STEPS

New Drug Reviews

Prasterone (Intrarosa) for Dyspareunia

 

Am Fam Physician. 2019 Jan 15;99(2):121-122.

Prasterone (Intrarosa) is an intravaginal product used to treat moderate to severe dyspareunia due to vulvar and vaginal atrophy caused by menopause.1 The mechanism of action of intravaginal prasterone is not known, but it may involve local metabolism to estrogens and androgens.2,3

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DrugDosageDose formCost*

Prasterone vaginal insert (Intrarosa)

One 6.5-mg vaginal insert, using provided applicator once daily at bedtime

6.5-mg vaginal insert

$210


*—Estimated retail price of one month of treatment based on information obtained at https://www.goodrx.com (accessed October 24, 2018).

DrugDosageDose formCost*

Prasterone vaginal insert (Intrarosa)

One 6.5-mg vaginal insert, using provided applicator once daily at bedtime

6.5-mg vaginal insert

$210


*—Estimated retail price of one month of treatment based on information obtained at https://www.goodrx.com (accessed October 24, 2018).

Safety

In a 52-week noncomparative clinical trial of 530 postmenopausal women with previously normal Papanicolaou (Pap) test results, 2.1% who used intravaginal prasterone developed abnormal Pap tests at study completion. Most of these abnormalities consisted of atypical squamous cells of undetermined significance (ASCUS).1,3 These results are similar to the incidence of ASCUS in postmenopausal patients outside of this trial, but follow-up data on Pap tests in this population have not been reported. Prasterone has not been shown to increase serum steroid concentrations, nor has it been linked to the development of endometrial hyperplasia or endometrial cancer.4,5 Prasterone has not been studied in patients with a history of breast cancer, renal impairment, or hepatic impairment.1,3 It is contraindicated in women with undiagnosed abnormal genital bleeding.1 Prasterone should be prescribed only for use in postmenopausal women. It has not been evaluated for use in pregnant or lactating women.1,3

Tolerability

Prasterone is generally well tolerated. The most common adverse effect is vaginal discharge, occurring in 2.7% of women vs. 1.3% of control patients (number needed to treat to harm = 72), although the discontinuation rate because of adverse effects is similar to that with placebo.3,4

Effectiveness

Effectiveness has been evaluated in two clinical trials of 716 women with vaginal dryness and moderate to severe dyspareunia who reported avoiding or refraining from sexual activity because of pain (a score of 2 or 3 on a scale of 0 to 3, in which 3 is the worst pain). Using the prasterone 6.5-mg vaginal insert each evening will improve dyspareunia symptoms by 0.36 to 0.40 severity points more than an oil-based placebo at 12 weeks (P < .05 vs. placebo). The clinical significance of this difference is unclear.3,4 Individual symptoms such as vaginal

Author disclosure: No relevant financial affiliations.

Address correspondence to Rebecca Hayes, MD, at Rebecca.Hayes@atriumhealth.org. Reprints are not available from the authors.

References

show all references

1. DailyMed. Drug label information: Intrarosa—prasterone insert. https://dailymed.nlm.nih.gov/dailymed/drugInfo.cfm?setid=df731acd-7276-4fef-b037-bc7f30c112cb. Accessed April 6, 2018....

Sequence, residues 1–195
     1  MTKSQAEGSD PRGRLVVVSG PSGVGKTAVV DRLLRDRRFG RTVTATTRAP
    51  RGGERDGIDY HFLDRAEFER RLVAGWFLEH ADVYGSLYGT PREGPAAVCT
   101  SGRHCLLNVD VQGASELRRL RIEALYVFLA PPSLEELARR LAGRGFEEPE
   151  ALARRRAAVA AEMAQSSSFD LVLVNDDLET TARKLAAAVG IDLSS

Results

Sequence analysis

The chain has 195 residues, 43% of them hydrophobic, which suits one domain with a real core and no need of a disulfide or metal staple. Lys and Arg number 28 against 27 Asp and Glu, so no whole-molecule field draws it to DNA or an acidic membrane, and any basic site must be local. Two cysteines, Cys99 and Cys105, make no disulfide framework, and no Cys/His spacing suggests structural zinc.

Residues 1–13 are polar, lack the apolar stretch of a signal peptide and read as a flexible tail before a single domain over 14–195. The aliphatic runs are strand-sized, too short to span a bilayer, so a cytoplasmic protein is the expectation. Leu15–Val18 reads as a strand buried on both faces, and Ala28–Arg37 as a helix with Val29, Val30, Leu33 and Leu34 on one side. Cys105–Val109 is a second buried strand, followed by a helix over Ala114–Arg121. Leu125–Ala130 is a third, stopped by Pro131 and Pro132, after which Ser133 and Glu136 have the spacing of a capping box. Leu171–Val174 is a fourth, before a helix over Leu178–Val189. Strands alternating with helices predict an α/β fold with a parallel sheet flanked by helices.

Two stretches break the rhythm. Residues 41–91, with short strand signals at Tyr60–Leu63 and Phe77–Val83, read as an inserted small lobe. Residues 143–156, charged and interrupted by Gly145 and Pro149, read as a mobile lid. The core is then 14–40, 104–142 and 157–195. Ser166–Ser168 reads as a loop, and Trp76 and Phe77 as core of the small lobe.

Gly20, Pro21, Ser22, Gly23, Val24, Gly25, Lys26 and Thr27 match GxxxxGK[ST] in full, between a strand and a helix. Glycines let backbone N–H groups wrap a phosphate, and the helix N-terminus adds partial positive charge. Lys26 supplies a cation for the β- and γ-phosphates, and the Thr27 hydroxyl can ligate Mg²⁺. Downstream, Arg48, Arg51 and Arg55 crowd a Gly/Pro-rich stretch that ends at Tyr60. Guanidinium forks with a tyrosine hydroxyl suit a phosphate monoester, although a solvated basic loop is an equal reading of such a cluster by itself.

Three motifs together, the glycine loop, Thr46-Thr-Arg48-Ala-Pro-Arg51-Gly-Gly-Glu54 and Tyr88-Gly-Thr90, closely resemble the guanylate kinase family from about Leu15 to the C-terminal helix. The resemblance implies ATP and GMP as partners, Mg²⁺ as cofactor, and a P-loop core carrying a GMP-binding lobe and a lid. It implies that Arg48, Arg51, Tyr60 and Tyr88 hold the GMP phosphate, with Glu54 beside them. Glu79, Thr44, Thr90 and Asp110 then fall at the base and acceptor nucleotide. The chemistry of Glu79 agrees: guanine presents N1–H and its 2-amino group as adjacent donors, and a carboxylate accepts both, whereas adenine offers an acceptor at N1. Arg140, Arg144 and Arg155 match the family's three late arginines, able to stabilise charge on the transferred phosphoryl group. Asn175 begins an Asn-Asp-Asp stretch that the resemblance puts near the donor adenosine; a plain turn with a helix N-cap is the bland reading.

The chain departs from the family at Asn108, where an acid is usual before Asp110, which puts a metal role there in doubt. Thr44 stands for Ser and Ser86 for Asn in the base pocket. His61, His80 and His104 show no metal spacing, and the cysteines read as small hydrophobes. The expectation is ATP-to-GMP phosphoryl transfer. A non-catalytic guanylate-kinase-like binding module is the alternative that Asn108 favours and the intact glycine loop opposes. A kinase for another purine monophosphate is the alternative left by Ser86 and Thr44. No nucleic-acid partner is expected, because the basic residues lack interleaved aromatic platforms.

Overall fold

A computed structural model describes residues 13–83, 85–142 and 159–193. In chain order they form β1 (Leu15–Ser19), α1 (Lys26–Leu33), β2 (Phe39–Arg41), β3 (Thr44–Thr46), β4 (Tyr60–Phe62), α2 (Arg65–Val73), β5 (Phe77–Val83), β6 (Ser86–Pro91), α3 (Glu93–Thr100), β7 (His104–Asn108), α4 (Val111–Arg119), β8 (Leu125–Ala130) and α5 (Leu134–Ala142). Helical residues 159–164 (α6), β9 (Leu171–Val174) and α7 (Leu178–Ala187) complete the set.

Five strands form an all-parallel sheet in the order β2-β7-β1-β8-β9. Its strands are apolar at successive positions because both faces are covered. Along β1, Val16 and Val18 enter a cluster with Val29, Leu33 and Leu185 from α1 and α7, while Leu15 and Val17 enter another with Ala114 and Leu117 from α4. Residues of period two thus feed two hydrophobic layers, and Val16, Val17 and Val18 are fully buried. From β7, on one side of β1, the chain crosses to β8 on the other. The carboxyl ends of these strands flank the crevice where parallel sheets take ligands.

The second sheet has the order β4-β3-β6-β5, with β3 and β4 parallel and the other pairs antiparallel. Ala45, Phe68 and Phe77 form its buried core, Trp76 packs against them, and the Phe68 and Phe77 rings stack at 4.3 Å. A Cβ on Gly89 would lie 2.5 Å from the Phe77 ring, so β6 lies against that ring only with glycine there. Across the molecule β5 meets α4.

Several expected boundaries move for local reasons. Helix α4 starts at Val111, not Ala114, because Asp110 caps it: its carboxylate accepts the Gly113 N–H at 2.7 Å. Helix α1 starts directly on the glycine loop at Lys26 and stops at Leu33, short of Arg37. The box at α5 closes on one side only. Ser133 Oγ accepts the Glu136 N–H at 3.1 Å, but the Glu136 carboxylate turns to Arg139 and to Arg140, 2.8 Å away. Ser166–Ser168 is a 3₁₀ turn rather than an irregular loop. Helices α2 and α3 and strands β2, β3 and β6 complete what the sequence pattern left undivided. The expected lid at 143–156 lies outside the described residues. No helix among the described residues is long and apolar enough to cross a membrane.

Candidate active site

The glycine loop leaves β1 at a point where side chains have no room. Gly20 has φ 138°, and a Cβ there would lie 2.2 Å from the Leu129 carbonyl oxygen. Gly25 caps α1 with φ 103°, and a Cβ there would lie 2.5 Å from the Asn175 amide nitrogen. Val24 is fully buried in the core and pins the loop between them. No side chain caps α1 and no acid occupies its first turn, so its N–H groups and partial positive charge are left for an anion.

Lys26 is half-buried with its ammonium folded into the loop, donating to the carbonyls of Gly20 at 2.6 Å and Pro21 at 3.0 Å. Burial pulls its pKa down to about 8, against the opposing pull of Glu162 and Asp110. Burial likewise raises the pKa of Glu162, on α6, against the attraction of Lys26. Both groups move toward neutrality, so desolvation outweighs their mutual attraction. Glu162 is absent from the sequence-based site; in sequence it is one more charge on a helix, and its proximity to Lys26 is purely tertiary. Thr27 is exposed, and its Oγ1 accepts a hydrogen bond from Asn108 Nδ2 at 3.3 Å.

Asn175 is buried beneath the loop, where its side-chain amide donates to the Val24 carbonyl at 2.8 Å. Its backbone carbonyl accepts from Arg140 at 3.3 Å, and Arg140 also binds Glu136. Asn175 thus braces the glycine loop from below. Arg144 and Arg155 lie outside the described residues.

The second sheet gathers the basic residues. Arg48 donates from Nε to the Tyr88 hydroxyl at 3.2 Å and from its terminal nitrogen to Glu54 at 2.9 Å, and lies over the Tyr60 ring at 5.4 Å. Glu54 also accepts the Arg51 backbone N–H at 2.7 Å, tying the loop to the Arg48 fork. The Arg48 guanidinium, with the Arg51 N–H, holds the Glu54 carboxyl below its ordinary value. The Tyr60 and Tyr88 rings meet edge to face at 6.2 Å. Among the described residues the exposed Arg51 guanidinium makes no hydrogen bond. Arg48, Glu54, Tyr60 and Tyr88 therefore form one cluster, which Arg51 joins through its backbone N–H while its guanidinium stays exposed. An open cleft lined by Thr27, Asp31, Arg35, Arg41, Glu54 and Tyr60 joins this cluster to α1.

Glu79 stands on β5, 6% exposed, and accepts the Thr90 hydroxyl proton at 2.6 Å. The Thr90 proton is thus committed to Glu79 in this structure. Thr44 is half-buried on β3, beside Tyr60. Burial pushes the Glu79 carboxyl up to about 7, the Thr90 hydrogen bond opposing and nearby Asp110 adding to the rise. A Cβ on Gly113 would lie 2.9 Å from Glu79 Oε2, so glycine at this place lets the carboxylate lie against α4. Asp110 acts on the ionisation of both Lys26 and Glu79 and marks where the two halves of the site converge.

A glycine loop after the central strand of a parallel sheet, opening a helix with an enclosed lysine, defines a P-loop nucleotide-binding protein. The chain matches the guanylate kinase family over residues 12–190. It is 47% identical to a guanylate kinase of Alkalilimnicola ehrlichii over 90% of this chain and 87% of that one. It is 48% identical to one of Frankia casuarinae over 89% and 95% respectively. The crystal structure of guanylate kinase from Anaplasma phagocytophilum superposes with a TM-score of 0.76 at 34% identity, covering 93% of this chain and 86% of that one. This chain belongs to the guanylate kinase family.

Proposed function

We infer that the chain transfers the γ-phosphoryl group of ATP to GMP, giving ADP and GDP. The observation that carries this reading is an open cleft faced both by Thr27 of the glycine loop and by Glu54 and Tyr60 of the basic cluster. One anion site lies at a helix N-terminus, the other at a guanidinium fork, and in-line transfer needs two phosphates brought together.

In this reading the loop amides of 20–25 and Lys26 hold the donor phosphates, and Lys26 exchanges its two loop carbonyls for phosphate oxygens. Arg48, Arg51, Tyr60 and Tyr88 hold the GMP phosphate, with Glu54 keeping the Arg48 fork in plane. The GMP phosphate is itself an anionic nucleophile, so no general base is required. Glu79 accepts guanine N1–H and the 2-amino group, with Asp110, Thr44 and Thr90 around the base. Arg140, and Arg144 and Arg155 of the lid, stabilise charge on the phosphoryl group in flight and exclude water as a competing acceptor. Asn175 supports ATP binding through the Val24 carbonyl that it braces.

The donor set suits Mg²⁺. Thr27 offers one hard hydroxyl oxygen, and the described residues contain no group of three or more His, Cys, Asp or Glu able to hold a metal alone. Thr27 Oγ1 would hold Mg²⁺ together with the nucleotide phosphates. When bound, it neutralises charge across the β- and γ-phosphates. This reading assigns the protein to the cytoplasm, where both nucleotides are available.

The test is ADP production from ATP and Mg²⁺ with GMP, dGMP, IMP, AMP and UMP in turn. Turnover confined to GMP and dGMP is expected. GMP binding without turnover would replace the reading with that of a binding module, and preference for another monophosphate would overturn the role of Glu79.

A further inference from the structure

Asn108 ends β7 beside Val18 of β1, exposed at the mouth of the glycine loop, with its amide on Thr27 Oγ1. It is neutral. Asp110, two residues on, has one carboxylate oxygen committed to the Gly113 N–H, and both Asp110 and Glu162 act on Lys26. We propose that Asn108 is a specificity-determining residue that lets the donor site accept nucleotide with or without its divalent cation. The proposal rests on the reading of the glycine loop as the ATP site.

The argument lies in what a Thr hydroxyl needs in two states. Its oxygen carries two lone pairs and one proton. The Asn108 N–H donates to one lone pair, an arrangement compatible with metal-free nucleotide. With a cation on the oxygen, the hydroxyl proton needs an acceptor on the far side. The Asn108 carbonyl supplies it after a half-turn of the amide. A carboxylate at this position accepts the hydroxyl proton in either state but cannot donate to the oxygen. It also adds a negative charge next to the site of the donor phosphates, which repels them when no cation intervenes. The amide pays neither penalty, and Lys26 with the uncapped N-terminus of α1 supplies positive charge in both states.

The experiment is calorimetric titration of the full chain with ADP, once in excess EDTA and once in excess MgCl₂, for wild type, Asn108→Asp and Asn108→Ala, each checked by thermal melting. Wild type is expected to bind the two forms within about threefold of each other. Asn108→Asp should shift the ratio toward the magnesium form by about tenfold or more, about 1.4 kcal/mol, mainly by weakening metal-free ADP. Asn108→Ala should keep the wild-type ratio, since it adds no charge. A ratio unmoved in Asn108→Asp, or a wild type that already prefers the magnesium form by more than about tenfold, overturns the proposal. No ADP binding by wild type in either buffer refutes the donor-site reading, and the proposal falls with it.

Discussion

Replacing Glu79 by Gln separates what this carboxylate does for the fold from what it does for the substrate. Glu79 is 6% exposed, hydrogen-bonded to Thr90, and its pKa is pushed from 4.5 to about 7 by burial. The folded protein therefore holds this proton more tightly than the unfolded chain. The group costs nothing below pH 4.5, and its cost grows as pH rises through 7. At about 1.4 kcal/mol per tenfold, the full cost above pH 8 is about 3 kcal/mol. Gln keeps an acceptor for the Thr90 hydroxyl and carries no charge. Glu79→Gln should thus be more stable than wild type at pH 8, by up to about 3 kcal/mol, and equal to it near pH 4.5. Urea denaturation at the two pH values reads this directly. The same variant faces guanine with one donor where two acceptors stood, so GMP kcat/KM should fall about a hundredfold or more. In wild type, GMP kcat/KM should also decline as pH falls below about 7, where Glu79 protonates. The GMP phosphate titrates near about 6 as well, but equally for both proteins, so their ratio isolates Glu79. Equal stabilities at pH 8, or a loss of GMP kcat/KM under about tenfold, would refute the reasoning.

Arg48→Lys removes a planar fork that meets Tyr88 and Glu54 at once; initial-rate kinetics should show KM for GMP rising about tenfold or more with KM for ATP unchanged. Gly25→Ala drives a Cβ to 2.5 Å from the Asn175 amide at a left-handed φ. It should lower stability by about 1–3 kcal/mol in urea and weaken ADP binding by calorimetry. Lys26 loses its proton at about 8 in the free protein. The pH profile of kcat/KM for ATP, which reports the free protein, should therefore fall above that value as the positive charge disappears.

2. Archer DF, Labrie F, Bouchard C, et al.; VVA Prasterone Group. Treatment of pain at sexual activity (dyspareunia) with intravaginal dehydroepiandrosterone (prasterone). Menopause. 2015;22(9):950–963.

3. U.S. Food and Drug Administration. Center for Drug Evaluation and Research. Application number: 208470Orig1s000. Summary review. https://www.accessdata.fda.gov/drugsatfda_docs/nda/2016/208470Orig1s000SumR.pdf. Accessed April 6, 2018.

4. Labrie F, Archer DF, Koltun W, et al.; VVA Prasterone Research Group. Efficacy of intravaginal dehydroepiandrosterone (DHEA) on moderate to severe dyspareunia and vaginal dryness, symptoms of vulvovaginal atrophy, and of the genitourinary syndrome of menopause. Menopause. 2016;23(3):243–256.

5. Martel C, Labrie F, Archer DF, et al.; other participating members of the Prasterone Clinical Research Group. Serum steroid concentrations remain within normal post-menopausal values in women receiving daily 6.5 mg intravaginal prasterone for 12 weeks. J Steroid Biochem Mol Biol. 2016;159:142–153.

6. Archer DF, Labrie F, Montesino M, Martel C. Comparison of intravaginal 6.5 mg (0.50%) prasterone, 0.3 mg conjugated estrogens and 10 μg estradiol on symptoms of vulvovaginal atrophy. J Steroid Biochem Mol Biol. 2017;174:1–8.

7. Labrie F, Archer D, Bouchard C, et al. Lack of influence of dyspareunia on the beneficial effect of intravaginal prasterone (dehydroepiandrosterone, DHEA) on sexual dysfunction in postmenopausal women. J Sex Med. 2014;11(7):1766–1785.

8. Labrie F, Derogatis L, Archer DF, et al.; Members of the VVA Prasterone Research Group. Effect of intravaginal prasterone on sexual dysfunction in postmenopausal women with vulvovaginal atrophy. J Sex Med. 2015;12(12):2401–2412.

9. Jaeschke R, Singer J, Guyatt GH. Measurement of health status. Ascertaining the minimal clinically important difference. Control Clin Trials. 1989;10(4):407–415.

10. Baulieu EE, Thomas G, Legrain S, et al. Dehydroepiandrosterone (DHEA), DHEA sulfate, and aging: contribution of the DHEAge Study to a sociobiomedical issue. Proc Natl Acad Sci U S A. 2000;97(8):4279–4284.

STEPS new drug reviews cover Safety, Tolerability, Effectiveness, Price, and Simplicity. Each independent review is provided by authors who have no financial association with the drug manufacturer.

This series is coordinated by Allen F. Shaughnessy, PharmD, MMedEd, Contributing Editor.

A collection of STEPS published in AFP is available at https://www.aafp.org/afp/steps.

 

 

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